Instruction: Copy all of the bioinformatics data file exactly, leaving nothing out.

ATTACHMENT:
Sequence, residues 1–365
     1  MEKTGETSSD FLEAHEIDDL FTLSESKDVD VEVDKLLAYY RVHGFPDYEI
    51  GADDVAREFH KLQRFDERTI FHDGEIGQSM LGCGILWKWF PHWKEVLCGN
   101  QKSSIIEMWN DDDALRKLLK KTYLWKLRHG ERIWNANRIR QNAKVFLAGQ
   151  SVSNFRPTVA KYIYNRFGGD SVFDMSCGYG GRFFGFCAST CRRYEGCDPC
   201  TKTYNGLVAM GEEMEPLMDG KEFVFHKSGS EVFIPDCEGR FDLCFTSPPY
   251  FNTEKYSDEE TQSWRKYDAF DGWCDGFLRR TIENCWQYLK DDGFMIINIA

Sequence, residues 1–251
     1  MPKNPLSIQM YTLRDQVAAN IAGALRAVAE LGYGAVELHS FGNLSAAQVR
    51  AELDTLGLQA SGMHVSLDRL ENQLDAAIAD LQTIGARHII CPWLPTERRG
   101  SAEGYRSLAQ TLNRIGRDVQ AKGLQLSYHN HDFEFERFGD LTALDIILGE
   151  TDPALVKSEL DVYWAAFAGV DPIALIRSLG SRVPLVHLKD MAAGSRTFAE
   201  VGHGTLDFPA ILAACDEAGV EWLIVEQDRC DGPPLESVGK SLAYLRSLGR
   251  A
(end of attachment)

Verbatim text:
Sequence, residues 1–365
     1  MEKTGETSSD FLEAHEIDDL FTLSESKDVD VEVDKLLAYY RVHGFPDYEI
    51  GADDVAREFH KLQRFDERTI FHDGEIGQSM LGCGILWKWF PHWKEVLCGN
   101  QKSSIIEMWN DDDALRKLLK KTYLWKLRHG ERIWNANRIR QNAKVFLAGQ
   151  SVSNFRPTVA KYIYNRFGGD SVFDMSCGYG GRFFGFCAST CRRYEGCDPC
   201  TKTYNGLVAM GEEMEPLMDG KEFVFHKSGS EVFIPDCEGR FDLCFTSPPY
   251  FNTEKYSDEE TQSWRKYDAF DGWCDGFLRR TIENCWQYLK DDGFMIINIA

Sequence, residues 1–251
     1  MPKNPLSIQM YTLRDQVAAN IAGALRAVAE LGYGAVELHS FGNLSAAQVR
    51  AELDTLGLQA SGMHVSLDRL ENQLDAAIAD LQTIGARHII CPWLPTERRG
   101  SAEGYRSLAQ TLNRIGRDVQ AKGLQLSYHN HDFEFERFGD LTALDIILGE
   151  TDPALVKSEL DVYWAAFAGV DPIALIRSLG SRVPLVHLKD MAAGSRTFAE
   201  VGHGTLDFPA ILAACDEAGV EWLIVEQDRC DGPPLESVGK SLAYLRSLGR
   251  A